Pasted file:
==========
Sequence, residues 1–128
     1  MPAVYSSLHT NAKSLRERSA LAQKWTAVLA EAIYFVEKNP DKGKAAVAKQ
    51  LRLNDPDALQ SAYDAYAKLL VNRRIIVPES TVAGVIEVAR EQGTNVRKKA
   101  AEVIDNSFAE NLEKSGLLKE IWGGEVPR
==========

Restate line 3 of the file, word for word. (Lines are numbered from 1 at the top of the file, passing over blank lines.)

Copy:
    51  LRLNDPDALQ SAYDAYAKLL VNRRIIVPES TVAGVIEVAR EQGTNVRKKA